Last Monday, the Pennsylvania Gaming Control Board held its fifth public input hearing for a proposed satellite casino in Shippensburg, a town located about 30 miles north of the Pennsylvania-Maryland border and close to 40 miles southwest of Harrisburg. The proposed mini-casino will be situated be about 150 miles away from Parx Casino – this is part of the strategic spreading of the mini-casinos throughout the Keystone State to avoid cannibalization.
The Shippensburg meeting was attended by a large number of people including the residents, business owners, and the community leaders, all of whom are split on whether or not to allow the establishment of the mini casino in the area. While the supporters of the mini casino plan have cited such things as tax revenue projections that will benefit the area, its opponents fear that the facility will only serve to harm the community’s values and traditions.
Parx Casino, on behalf of Greenwood Gaming and Entertainment, selected Shippensburg as its preferred host of its satellite casinos following two previous unsuccessful attempts to secure a location for their mini casino. The proposed casino is expected to feature about 475 slot machines, 40 tables games as well as a sportsbook just off Exit 29 of Interstate 81.
“The southern I-81 corridor, from Harrisburg to Greencastle, is one of the nation’s most prominent distribution locations,” Greenwood Gaming and Entertainment officials wrote in its 150-page application. “The corridor is home to a number of Fortune 500 and logistics companies, who have chosen the location because of the region’s proximity to the major metropolitan areas of the East Coast.”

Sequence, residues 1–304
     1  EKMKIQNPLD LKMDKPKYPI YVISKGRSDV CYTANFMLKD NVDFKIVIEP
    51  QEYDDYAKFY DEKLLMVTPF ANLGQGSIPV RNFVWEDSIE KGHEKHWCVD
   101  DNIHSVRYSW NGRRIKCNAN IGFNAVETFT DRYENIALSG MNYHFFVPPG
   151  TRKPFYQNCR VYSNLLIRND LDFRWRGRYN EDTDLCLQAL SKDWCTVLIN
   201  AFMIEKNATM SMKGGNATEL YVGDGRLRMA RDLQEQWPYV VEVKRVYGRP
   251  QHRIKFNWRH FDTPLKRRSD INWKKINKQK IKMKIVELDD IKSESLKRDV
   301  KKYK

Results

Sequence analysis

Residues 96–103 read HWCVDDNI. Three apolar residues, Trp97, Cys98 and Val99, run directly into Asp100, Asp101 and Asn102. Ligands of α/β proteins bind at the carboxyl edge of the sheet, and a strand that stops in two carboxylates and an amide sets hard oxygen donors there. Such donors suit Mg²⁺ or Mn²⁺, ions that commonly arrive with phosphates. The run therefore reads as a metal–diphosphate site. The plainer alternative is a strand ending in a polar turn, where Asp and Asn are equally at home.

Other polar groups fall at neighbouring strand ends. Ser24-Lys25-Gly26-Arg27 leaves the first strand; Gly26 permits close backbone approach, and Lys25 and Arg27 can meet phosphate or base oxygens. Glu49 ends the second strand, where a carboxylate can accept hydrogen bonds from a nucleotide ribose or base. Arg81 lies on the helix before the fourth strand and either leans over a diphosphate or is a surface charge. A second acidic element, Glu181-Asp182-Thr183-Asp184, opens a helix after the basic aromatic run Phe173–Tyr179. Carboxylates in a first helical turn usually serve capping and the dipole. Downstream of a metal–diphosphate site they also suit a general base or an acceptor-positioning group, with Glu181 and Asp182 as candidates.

According to Tony Ricci, the chief executive officer of Greenwood, the mini casino, once fully operational will create close to 200 full-time and part-time jobs while at the same time contributing to a whopping $1.8 million in direct host community payments to both Shippensburg and Cumberland County. It is also set to contribute to a whopping $43 million in economic impact for the region.
The Pennsylvania Gaming Control Board is set to announce its final verdict in the next few months and the regulator’s ruling is going to be based on the community’s response to the plans and the analysis of the economic prospects, traffic and land development considerations that will be associated with it. The regulator will even perform background checks on Greenwood Gaming to check whether it is fit to offer its services through the mini-casino.
Another operator that is still waiting on a verdict for its casino is Penn National – the company’s bid to establish a mini casino was unanimously approved by the local officials in Caernarvon Township. All that remains now is for the state’s gaming regulator to approve its and then construction can officially begin.